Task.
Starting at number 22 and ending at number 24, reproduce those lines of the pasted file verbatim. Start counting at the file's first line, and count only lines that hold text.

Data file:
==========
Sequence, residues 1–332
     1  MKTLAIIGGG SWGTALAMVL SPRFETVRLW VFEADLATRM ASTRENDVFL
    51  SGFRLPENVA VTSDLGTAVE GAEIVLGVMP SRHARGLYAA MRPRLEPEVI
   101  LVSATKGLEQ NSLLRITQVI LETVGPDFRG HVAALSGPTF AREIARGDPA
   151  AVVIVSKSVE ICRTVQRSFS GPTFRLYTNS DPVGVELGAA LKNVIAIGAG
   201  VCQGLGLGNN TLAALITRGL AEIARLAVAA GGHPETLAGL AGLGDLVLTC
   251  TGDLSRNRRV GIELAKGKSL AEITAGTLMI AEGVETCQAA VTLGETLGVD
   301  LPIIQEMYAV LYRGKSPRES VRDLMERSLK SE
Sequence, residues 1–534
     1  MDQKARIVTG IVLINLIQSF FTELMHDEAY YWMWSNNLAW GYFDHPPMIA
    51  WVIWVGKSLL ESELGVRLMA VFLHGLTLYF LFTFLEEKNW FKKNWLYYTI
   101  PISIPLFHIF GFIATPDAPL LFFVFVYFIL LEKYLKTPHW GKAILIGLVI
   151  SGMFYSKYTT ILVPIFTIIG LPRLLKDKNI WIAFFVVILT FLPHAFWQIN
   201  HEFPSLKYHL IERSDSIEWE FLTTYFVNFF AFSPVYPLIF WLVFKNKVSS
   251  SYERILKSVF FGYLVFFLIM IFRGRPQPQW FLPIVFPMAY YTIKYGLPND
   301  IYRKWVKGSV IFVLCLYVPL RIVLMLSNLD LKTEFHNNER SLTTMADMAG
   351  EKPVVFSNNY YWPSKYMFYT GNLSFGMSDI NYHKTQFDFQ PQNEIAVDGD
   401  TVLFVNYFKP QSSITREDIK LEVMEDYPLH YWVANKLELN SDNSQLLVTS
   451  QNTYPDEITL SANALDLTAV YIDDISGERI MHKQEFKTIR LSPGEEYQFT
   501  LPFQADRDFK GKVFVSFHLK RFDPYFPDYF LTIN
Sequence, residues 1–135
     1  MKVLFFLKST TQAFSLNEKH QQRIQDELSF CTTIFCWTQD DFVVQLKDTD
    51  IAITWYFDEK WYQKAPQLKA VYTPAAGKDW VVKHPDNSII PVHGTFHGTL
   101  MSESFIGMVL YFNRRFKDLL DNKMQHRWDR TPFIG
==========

     1  MKVLFFLKST TQAFSLNEKH QQRIQDELSF CTTIFCWTQD DFVVQLKDTD
    51  IAITWYFDEK WYQKAPQLKA VYTPAAGKDW VVKHPDNSII PVHGTFHGTL
   101  MSESFIGMVL YFNRRFKDLL DNKMQHRWDR TPFIG